Avec les collègues du labo, nous serons dans deux semaines à la conférence eMOOCs 2015 organisée à Mons par l’Université Catholique de Louvain (en particulier par Marcel Lebrun). Ces trois jours sont l’occasion d’échanger avec les collègues à l’échelle européenne surtout, même si certains collègues d’outre-Atlantique viennent en général nous rendre visite. Les organisateurs nous ont proposé d’aligner le format de la conférence sur la philosophie des MOOC en « flippant » la conférence. On présente rapidement notre papier à travers une vidéo, afin de consacrer le temps d’échanges à des interactions plus fructueuses. Ils ont poussé le concept jusqu’à créer un vrai MOOC sur edX sur le thème « ConfX EMOOCs 2015 Open Conference« . Je suis clairement meilleur en conf que dans cette vidéo (en anglais, désolé), mais je vous la mets dans ce billet pour vous donner une idée de ce qu’on a pu faire avec Mattias, un collègue de l’ENS Cachan, et pour illustrer ce concept de conférence scientifique inversée qui est vraiment super !
One of the most striking consequences of Massive Open Online Courses openness are on one hand their low completion rates, and on the other hand the high heterogeneity of enrollees in terms of background, intentions, and motivations to register. What are the factors that impact course completion and engagement in the MOOC ? Several studies have tried so far to describe the relationship between learners characteristics and their engagement in the course, but most have failed to answer an important question: how robust are the results? Let us say we find out that employment status has a strong impact on completion rates in the first iteration of a MOOC. Maybe we should try to check whether it is still the case in the following iterations before trying to interpret such a result.
In that purpose, we analyzed two five weeks MOOCs whose data were available for three or more iterations. We would like to address the question of the evolution of learners profiles and course dynamics over time. The first is an entrepreneurship course called Effectuation, and the second is a project management course called Gestion de Projet. In both cases, participants had to submit quizzes and to pass an exam to earn a normal certificate. In the project management course, they had to hand over assignments to get an advanced certificate. Data on background, intentions and motivations were gathered through online surveys, whose response rates ranged from 40% to 60% of enrollees. We tried to assess to what extent engagement patterns and registrants profiles and the relationship between those two had evolved over time. We first categorized participants based on their level of engagement :
- Those who obtain a certificate are called “Completers”
- Those who submit at least one quiz or assignment but do not “complete” the course are referred to as “Disengaging learners”
- Those who do not submit any quiz or assignment but they view more than 10% of available lectures are called “Auditing learners”.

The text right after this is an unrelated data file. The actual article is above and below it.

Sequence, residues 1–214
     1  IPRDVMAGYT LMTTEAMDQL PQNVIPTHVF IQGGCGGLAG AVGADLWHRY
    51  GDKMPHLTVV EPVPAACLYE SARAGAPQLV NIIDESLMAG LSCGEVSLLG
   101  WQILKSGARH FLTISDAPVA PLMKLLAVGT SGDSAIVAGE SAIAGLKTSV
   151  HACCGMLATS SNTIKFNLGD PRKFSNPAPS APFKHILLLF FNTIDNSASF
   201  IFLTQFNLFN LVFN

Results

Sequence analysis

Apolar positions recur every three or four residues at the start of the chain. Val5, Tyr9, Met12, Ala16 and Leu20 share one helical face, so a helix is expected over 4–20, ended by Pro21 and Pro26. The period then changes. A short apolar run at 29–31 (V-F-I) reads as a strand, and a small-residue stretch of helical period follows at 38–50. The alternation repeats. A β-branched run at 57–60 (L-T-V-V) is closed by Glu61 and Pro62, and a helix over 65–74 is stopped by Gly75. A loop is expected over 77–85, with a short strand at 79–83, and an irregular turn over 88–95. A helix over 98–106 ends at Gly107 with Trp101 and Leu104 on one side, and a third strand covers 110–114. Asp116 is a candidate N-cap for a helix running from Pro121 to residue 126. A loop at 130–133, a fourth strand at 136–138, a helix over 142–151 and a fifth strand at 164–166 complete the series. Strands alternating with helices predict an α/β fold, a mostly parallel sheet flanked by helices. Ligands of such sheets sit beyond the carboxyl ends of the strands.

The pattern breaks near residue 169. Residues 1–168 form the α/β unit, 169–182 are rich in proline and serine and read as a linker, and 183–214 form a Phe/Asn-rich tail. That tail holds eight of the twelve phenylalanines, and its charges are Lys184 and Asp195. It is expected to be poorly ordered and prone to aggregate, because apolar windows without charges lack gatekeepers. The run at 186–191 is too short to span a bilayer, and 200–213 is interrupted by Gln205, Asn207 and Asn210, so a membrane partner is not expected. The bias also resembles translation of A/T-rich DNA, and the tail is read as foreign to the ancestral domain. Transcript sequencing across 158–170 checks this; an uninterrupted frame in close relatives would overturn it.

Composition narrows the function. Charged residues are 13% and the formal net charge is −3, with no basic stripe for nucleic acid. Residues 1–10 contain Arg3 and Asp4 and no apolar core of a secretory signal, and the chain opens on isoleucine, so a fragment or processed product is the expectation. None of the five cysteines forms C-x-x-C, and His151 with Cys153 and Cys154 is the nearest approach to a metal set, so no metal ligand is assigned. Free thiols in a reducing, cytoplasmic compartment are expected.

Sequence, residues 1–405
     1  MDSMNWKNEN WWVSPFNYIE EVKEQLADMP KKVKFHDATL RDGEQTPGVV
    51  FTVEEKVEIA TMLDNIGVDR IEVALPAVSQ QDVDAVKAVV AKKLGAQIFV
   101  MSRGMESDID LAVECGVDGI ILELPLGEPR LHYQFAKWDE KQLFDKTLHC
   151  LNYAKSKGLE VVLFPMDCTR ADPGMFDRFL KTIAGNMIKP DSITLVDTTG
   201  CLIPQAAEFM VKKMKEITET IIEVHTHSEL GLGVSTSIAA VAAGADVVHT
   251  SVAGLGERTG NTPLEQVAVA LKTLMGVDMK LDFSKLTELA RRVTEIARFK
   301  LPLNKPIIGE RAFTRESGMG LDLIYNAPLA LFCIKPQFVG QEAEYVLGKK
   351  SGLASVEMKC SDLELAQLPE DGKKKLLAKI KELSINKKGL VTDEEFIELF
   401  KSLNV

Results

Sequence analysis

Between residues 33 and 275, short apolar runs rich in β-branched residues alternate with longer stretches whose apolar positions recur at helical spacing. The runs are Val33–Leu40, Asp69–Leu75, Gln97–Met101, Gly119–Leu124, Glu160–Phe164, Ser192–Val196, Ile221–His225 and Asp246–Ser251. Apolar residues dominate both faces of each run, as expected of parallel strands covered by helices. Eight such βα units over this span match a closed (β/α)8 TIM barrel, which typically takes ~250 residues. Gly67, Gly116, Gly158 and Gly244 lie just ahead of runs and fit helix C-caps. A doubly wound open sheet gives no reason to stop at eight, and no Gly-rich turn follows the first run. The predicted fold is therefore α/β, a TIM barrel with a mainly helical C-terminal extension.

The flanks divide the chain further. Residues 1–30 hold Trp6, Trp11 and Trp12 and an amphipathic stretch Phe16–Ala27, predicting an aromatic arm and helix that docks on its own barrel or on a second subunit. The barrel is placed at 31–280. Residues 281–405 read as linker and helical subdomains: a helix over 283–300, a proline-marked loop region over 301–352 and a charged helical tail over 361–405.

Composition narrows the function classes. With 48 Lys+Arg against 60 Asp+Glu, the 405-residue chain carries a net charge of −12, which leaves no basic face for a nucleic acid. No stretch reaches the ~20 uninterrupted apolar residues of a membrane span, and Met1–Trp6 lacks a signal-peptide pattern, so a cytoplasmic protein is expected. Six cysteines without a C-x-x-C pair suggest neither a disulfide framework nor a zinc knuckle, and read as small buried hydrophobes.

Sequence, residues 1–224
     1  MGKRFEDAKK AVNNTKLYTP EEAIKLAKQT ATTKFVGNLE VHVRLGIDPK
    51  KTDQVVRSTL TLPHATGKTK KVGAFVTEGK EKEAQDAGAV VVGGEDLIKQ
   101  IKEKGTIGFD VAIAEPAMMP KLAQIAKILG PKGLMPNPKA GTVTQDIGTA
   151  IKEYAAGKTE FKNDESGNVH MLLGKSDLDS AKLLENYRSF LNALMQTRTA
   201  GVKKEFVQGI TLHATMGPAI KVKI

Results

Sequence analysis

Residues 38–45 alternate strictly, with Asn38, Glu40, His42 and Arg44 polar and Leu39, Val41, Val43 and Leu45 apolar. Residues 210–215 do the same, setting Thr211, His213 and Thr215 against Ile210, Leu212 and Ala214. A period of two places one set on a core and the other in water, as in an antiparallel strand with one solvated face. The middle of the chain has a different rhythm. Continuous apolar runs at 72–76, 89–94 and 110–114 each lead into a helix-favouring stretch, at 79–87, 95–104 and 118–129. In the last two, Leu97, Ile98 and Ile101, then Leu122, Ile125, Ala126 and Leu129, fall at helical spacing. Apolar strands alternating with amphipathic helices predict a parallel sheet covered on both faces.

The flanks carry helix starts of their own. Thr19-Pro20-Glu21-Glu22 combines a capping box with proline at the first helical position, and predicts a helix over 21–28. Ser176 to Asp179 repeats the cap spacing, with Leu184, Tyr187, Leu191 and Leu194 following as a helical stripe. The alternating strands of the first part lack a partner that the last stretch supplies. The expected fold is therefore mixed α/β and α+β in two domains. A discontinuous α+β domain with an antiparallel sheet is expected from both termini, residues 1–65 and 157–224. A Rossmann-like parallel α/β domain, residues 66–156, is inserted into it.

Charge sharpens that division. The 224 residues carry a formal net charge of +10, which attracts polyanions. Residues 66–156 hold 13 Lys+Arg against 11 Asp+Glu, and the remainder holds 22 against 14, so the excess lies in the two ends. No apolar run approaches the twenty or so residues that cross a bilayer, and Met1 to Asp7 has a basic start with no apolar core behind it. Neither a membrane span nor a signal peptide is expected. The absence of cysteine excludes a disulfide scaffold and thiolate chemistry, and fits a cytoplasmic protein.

- Finally “Bystanders” are the enrollees who fail to submit any quiz or to watch more than 10% of available lectures
The two courses followed opposite trajectories; the number of enrollees decreased over time in the entrepreneurship course while it rose from no more than 3.500 to almost 15.000 in the project management course. In both cases, we noticed that the proportion of bystanders tended to increase over time, from 24 to 53% in the case of the project management course. In the same time we observed a sharp decrease in the proportion of completers.
Nevertheless, those completers were responsible for most of the course activity, whether we look at it from the lecture consumption or the quizz submission point of view. We noticed that auditing learners were responsible for a neglectable share of the course activity, unlike disengaging learners, whose share in the course activity was quite significant, in particular in the last iterations of the project management course.
We carried out a survival analysis in order (to assess) to better understand the behavior of those two categories of registrants. We report here the result for the video consumption of the entrepreneurship course. We notice that auditing learners explore only a fraction of the course material. Actually, in the three iterations of the MOOC, less than 10% of them are still active after the first week. The decline is less obvious among disengaging learners, but only 10% of them watch all the course material. Analyzing the different iterations of a given course could provide valuable insights into the evolutions of MOOCs audience and dynamics on the long-term, at a global level or at the course level. In that purpose, we need to design comprehensive studies focused on these long-term dynamics in order to get more reliable results and more robust conclusions. Standardization efforts in survey design need to go beyond questions about motivations to register, and focus for instance on parameters such as time constraints, experience in online learning, and intentions. Importantly, cross-correlations between survey and log data should be more systematic; common identifiers are often absent, impeding interesting discoveries.
The amount of studies providing valuable insights into MOOC complex dynamics is growing at a fast pace. The current issue is now to interpret such results. Why and how do sociodemographic variables impact engagement in the course? What does it mean from the self-directed learning perspective? Are we witnessing the rise of a new generation of self-directed learners or merely a temporary hobby of already experienced online learners? We hope to meet you at the conference to discuss with you those fascinating questions !